In terms of change management, a fundamental question that needs to be asked is whether the change required for better course information management represents many minor changes to the processes or whether it amounts to the adoption of a whole new system architecture. If it is the latter then there are established approaches to embedding this. If it is the former then there are some significant new job roles that will need to be identified. One of the key impacts of our project moving forward will be the raised awareness of the importance of course data management. At the moment we are not planning to track this impact in any formal way but there is a working group within our college management team (CMT) with responsibility for digitising business processes and they will be fully briefed on the XCRI project and given a copy of this report for consideration.  

 

 

Conclusions

In conclusion, our project, in general terms, can be celebrated as a success. Primarily there is a more cohesive and consolidated approach to course data management. The database system is live and feeds our college website. We provided a successful KIS return based on the XCRI database work. We overcame a number of obstacles outlined above to deliver on our key objective which was to provide a consistent live feed in XCRI-CAP 1.2.

 

The challenges of aligning business processes required greater efforts than anticipated primarily because of the complex systems already in existence. The technical aspects for example the metadata, information management and database design were less challenging – perhaps because of some in-house experience in these areas.

 

Of significant benefit is the raised awareness of the importance of course data management which will ultimately result in better student recruitment via our website. There have been some further potential medium term benefits such as the development of on-the-fly printing of course information via our website  – providing cost savings through reductions in print, postage and carriage costs. As one of our international team noted with a certain relief; “No more suitcases of print prospectuses on long-haul flights to India and Pakistan”

 

It is anticipated that work will continue in order to gain more clarity of the course information lifecycle management process. The annual KIS return will allow further refinement to some of the systems introduced last year. In addition a feed has been created to generate a return to the SFA (Skills Funding Agency).

 

The fluid nature of education policy and the perceived lack of joined-up strategy across national agencies is an area of concern for the future. The consideration of “HE” policy separate from “FE” policy across tertiary education continues to present difficulties. The dichotomy is a false one in terms of course management information systems however the national funding and associated administrative structures work against open data systems by perpetuating this dichotomy. At its worst it requires organisations, such as our college, to resource duplicate functional areas that differ only in their “HE” or “FE” administrative labels.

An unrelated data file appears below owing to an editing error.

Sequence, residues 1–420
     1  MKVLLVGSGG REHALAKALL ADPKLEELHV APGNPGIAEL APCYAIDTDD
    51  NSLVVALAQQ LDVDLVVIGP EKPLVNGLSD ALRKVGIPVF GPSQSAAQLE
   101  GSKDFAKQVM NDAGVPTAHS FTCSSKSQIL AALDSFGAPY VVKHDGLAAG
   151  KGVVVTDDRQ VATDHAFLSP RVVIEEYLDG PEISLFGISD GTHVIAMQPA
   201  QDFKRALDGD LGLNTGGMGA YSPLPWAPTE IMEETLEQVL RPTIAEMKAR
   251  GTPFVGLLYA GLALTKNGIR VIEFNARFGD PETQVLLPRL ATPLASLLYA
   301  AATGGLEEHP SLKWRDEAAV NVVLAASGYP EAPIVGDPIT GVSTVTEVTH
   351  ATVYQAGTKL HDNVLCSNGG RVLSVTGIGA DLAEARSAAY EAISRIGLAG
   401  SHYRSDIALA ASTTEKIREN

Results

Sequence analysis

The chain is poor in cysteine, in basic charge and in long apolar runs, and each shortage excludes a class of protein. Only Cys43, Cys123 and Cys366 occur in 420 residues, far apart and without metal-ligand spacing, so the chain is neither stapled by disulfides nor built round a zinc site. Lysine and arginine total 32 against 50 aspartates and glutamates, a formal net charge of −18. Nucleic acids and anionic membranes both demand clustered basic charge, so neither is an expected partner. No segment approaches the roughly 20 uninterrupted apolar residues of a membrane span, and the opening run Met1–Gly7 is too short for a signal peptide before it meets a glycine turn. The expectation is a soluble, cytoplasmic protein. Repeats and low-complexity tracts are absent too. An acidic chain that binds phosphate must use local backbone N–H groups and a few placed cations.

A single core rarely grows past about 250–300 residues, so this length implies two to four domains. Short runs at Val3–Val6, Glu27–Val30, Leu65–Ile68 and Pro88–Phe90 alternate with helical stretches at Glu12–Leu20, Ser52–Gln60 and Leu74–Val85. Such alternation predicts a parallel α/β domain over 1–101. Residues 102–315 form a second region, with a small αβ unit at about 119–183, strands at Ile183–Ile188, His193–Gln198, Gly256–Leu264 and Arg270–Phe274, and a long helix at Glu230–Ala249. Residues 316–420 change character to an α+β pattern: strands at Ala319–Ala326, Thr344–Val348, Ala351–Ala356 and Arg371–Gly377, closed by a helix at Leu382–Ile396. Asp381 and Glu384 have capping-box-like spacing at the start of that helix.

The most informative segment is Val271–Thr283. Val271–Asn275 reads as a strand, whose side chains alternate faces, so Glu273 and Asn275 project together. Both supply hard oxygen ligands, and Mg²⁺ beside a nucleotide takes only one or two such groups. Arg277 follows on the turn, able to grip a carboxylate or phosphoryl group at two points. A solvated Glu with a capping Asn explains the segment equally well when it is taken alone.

Recommendations

When project funding from Jisc finishes Bradford College should maintain its focus on course information for a number of reasons. First and foremost it is critical for sustaining student recruitment by providing accurate and complete information via the website. Secondly there remains some work to do in shaping the workflows so that they are more lean and efficient.  

 

We would recommend that there are issues for the wider community related to open licences and options on the use of data; (we currently are using an Open Government Licence). This also extends into issues around version control of data downstream of aggregators and the possible commercialisation of data. Obviously a unity of approach in terms of negotiations would add to the position of colleges and universities.

 

We would like to see Jisc continue to publicise and raise awareness of open data systems but in particular to explain the benefits to senior level staff. Furthermore a statistical analysis of aggregators’ use of XCRI-CAP feeds (something similar to Google Analytics i.e. real-time) would be useful. A further recommendation for Jisc would be to try to advocate closer working between national agencies e.g. HESA and UCAS. Very often the requirements of these agencies in relation to data collection have local impacts that need to be considered and accommodated as part of institutional strategy.  

 

For others undertaking similar work in the FE and HE landscape I believe that it is imperative to outline clearly, specifically to senior leaders, the benefits of a standards approach to data management.

 

Further details:

Project Director Ronan O’Beirne

Contact email r.o’beirne@bradfordcollege.ac.uk

Project Manager Margaret Naylor